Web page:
Another area in which we can help patients and add value is to provide information on how their insurance benefits work and how they can best be used to help achieve optimal oral health. In employer and consumer efforts, to get the most value for the least cost, we have seen PPOs increase about 60% during the last six years while indemnity plans have decreased at about the same rate.
In some areas of the country we also have seen widespread adoption of discount cards, where insurance companies sell their provider network for a fee. Our role is to help patients understand their insurance programs, how their benefits or negotiated pricing can help them achieve their oral health goals, and how we can provide financial solutions that bridge any gap between the cost of care and their insurance benefits.
People also highly value esthetics, especially when it comes to their personal appearance. With their access to information, patients may already know about, and prefer, more expensive treatment. For example, they may have researched options when it comes to replacing missing teeth and now prefer not to have a partial like their grandmother had (and who constantly complained about having to dislodge food from the partial).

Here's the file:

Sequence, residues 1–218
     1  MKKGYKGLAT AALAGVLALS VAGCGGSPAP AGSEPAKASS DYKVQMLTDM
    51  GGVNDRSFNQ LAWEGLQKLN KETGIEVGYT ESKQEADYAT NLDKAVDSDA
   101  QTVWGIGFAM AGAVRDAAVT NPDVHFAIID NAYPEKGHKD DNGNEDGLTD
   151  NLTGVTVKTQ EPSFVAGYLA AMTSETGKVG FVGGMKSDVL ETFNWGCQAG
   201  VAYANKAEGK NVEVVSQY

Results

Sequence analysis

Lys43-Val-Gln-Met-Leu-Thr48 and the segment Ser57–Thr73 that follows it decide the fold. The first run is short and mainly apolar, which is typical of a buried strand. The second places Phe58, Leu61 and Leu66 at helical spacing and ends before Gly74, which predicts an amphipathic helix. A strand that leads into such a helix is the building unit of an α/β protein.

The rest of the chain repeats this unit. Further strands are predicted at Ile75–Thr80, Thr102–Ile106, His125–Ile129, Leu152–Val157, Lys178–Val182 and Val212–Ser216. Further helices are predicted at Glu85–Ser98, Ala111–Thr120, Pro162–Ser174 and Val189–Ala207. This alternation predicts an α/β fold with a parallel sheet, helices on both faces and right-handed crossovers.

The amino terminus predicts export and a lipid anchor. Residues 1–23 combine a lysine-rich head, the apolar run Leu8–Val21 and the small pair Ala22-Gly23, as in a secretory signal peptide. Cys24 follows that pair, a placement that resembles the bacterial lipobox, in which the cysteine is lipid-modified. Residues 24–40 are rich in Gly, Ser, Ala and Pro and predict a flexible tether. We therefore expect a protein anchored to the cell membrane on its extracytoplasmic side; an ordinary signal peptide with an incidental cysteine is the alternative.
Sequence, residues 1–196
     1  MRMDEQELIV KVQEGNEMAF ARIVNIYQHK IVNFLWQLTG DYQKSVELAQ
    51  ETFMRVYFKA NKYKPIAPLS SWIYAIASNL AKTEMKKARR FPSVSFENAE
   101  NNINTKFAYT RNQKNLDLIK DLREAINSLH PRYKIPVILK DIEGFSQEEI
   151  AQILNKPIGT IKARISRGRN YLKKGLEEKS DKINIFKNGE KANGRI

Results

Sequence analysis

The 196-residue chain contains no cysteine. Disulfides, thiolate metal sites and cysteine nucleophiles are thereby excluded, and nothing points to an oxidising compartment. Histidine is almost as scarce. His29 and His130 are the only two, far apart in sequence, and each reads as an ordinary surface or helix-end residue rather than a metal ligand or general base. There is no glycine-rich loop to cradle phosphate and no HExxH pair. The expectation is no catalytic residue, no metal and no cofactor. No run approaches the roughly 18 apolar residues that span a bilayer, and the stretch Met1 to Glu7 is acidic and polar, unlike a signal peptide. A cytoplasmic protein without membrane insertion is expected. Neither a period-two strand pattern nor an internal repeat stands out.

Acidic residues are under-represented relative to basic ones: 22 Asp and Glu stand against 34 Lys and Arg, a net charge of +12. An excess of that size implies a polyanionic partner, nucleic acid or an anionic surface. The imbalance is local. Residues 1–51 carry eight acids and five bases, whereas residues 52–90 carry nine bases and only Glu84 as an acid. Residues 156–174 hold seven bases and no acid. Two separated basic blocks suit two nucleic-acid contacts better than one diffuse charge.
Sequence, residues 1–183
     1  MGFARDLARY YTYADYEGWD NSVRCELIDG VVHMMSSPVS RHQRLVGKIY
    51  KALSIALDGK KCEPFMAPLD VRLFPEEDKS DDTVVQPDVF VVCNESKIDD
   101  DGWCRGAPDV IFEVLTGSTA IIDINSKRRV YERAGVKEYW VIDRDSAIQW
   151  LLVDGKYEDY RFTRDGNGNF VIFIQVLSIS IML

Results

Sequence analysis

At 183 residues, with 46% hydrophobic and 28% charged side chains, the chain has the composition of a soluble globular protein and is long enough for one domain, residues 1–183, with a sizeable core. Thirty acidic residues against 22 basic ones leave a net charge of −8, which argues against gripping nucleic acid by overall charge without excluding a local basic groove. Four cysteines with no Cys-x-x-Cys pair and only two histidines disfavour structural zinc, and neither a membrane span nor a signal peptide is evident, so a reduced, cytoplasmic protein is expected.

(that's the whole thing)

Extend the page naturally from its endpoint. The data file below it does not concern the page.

This is why, even though cosmetic dentistry has declined during the recession, implants have been experiencing double-digit growth. Even though it is more expensive, if patients believe treatment will provide more value in terms of convenience, longevity, and appearance, cost may be less of an influencing factor. This means we should consistently provide patients with all their options – clinically and financially – and let them choose the solutions that work for them.
This is especially important with the baby boomers, often called the "Me Generation." As we are aware, our society is aging. The older the patient, the more prone he or she is to having missing teeth, periodontal disease, and other oral health issues. This generation not only wants to stay healthy, it wants to look young and vital.
Finally, above all, patients want to feel valued. They want to know they matter to you, not just because they choose to visit your practice, but because you want what's best for them. How patients feel when they walk out your front door will greatly determine how much value you have delivered and whether or not they return or recommend friends and family. This is why the patient experience and how your team interacts with every individual who calls or comes in the front door matters – every time.
*To view the study, visit http://www.brandweek.com/bw/special-reports/brandkey/2009/index.jsp
Dr. Charles Blair is an expert on practice profitability, fee analysis, insurance-coding strategies, and overhead control. He has degrees in accounting, business administration, mathematics, and dental surgery. He has consulted with thousands of practices, helping them achieve greater productivity and profitability. A respected author and publisher, Dr. Blair publishes the Coding with Confidence manual and Insurance Solutions newsletter. To learn more about Dr. Blair's publications and consulting services, please contact (866) 858-7596, send an e-mail to [email protected], or visit www.drcharlesblair.com and www.dental-ins-solutions.com.